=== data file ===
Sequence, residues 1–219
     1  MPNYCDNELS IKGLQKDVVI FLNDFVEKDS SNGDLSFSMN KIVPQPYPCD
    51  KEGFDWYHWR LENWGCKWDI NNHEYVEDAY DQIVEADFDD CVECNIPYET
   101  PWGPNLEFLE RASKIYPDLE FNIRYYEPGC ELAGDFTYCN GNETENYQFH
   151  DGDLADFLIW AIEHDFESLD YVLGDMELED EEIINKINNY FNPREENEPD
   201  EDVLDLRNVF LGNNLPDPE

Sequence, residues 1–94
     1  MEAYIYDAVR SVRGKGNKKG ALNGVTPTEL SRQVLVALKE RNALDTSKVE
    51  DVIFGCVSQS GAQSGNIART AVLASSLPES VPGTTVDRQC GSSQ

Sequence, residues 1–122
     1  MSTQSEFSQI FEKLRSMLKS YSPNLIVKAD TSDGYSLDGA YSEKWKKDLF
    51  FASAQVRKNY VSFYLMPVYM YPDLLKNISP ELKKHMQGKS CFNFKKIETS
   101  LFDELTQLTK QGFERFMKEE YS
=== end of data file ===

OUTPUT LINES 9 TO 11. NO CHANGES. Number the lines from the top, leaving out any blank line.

    51  DVIFGCVSQS GAQSGNIART AVLASSLPES VPGTTVDRQC GSSQ

Sequence, residues 1–122
     1  MSTQSEFSQI FEKLRSMLKS YSPNLIVKAD TSDGYSLDGA YSEKWKKDLF